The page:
I'm all for unions, but ya gotta admit that when their net effect is higher wages for employees, it does accelerate the movement of these kinds of jobs to Mexico, China, and elsewhere. With service employees, there wouldn't be this effect.

Posted by: flubber on November 21, 2008 at 1:11 PM | PERMALINK

We'd probably get a lot better value for money if we gave that $25 billion dollars directly to workers and let the companies restructure in bankruptcy.
Posted by: mfw13 on November 21, 2008 at 12:55 PM

Short-term thinking. Yes, we could give the money directly to the workers, and they'd be better off, but this is as much about future jobs as it is about current jobs. It's the old "give a man a fish..." scenario.

Once the money's gone, there will be no jobs for those workers or future workers, because restucturing in bankruptcy requires credit, and nobody can get that kind of credit right now. Bankruptcy means oblivion, in today's economy.

We need a manufacturing base in this country. Not just for today, but for tomorrow too. I agree the auto companies need serious restructuring and long-term planning to create a path to sustainability. I simply think that their continued existence is important for the country's sustainability.

Posted by: KarenJG on November 21, 2008 at 1:11 PM | PERMALINK

Before the 40 billion bailout will do any good, the retiree anchor around Detroit's neck needs to be addressed.

And by "addressed" you mean "taxpayers take over," correct? Because you're not going to be able to cut off pensions and healthcare from hundreds of thousands of people without tanking the economy even further.

Posted by: Mnemosyne on November 21, 2008 at 1:12 PM | PERMALINK

I'm all for unions, but ya gotta admit that when their net effect is higher wages for employees, it does accelerate the movement of these kinds of jobs to Mexico, China, and elsewhere. With service employees, there wouldn't be this effect.

Depends on your definition of "service employees." How many companies have moved their call centers to places like India where they only have to pay $2 or $3 an hour for educated, English-speaking workers?

Sorry, but when we already have ridiculously low minimum wage and no healthcare, it worries me when people start complaining that hourly employees are making too much money and that's why jobs are going away. Sure, if employers could get away with paying American workers $3 an hour, there probably would still be jobs here, but there would also be massive poverty as people work 2 or 3 jobs to try and keep food on the table and a roof over their heads. Not exactly a plus for anyone.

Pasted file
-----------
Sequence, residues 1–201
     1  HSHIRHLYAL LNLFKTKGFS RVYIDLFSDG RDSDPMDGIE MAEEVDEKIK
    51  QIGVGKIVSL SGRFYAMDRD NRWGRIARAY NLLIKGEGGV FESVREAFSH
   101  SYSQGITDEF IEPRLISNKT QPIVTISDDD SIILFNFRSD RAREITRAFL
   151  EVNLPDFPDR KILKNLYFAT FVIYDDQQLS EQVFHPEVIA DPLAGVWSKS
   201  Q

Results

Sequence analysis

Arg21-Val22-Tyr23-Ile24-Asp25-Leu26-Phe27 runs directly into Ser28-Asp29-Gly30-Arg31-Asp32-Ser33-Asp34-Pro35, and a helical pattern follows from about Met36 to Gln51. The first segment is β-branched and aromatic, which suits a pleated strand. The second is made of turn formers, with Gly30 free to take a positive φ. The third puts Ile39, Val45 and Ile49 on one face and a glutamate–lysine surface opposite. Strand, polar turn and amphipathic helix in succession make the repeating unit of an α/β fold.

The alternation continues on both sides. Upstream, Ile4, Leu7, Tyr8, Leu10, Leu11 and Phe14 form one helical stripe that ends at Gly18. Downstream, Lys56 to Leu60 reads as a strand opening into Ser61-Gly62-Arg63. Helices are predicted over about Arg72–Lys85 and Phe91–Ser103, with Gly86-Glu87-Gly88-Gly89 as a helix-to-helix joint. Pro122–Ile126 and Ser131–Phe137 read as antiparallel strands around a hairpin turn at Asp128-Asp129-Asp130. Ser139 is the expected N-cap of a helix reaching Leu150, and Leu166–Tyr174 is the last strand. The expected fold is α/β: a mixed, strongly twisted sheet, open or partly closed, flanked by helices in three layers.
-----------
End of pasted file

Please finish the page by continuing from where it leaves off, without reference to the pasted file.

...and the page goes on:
Posted by: Mnemosyne on November 21, 2008 at 1:16 PM | PERMALINK

I am curious. Did the $70/hour include ALL benefits divided by only hourly workers? If upper management pensions are included - wouldn't that skew the figures even more? Inquiring minds want to know!

Bob

Posted by: Bob on November 21, 2008 at 1:39 PM | PERMALINK

I'm curious as to why nobody goes bankrupt when workers strike. A strike seems to be an extreme condition that companies are willing to endure where the keep paying overhead and management and pensions but don't have much revenue coming in.

Boeing just concluded a two month strike which shut down plants in three states. The machinists got a 15% wage increase over four years and security that jobs would not be contracted out.

The difference appears to be that Boeing has a huge backlog of orders, the company is healthy.

Posted by: tomj on November 21, 2008 at 1:41 PM | PERMALINK

The simple truth is that nobody wants to give $25 billion dollars to poorly managed companies who are almost certain to squander it. -mfw13

We just bent over backwards to give $700 billion to banks and insurance companies who were equally, if not more poorly managed. Why is acceptable to congress to get on their knees for the white collars and give them a strings-free gift 28 times larger than the loan the auto companies requested?

One only needs to listen to the contempt with which congress holds the auto CEOs as compared to the bankers to see there is a double standard in Washington that is harmful to America.

Posted by: doubtful on November 21, 2008 at 1:49 PM | PERMALINK

I'm curious as to why nobody goes bankrupt when workers strike. -tomj

The dramatic decrease in payroll when people aren't punching the clock helps.

Posted by: doubtful on November 21, 2008 at 1:53 PM | PERMALINK

The difference appears to be that Boeing has a huge backlog of orders, the company is healthy.
Posted by: tomj

No. Boeing's in trouble. Ironically, they just announced some lay-offs this week.

The 787, the plane of the future, may be the plane that kills the commercial airplane division. It is about a year overdue and still not ready for production. They are now receiving order delay notices from customers because air travel is down and fuel costs are declining. On tap that, a whole passel of 737s were riveted incorrectly. They have to be disassembled to find these fault fasteners.